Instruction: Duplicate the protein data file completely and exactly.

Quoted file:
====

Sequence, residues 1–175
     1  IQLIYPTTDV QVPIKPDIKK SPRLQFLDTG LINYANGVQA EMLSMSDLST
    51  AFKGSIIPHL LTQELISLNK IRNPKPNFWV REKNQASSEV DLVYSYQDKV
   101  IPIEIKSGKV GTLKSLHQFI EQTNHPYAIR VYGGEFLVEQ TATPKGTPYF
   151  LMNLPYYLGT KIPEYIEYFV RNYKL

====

Sequence, residues 1–175
     1  IQLIYPTTDV QVPIKPDIKK SPRLQFLDTG LINYANGVQA EMLSMSDLST
    51  AFKGSIIPHL LTQELISLNK IRNPKPNFWV REKNQASSEV DLVYSYQDKV
   101  IPIEIKSGKV GTLKSLHQFI EQTNHPYAIR VYGGEFLVEQ TATPKGTPYF
   151  LMNLPYYLGT KIPEYIEYFV RNYKL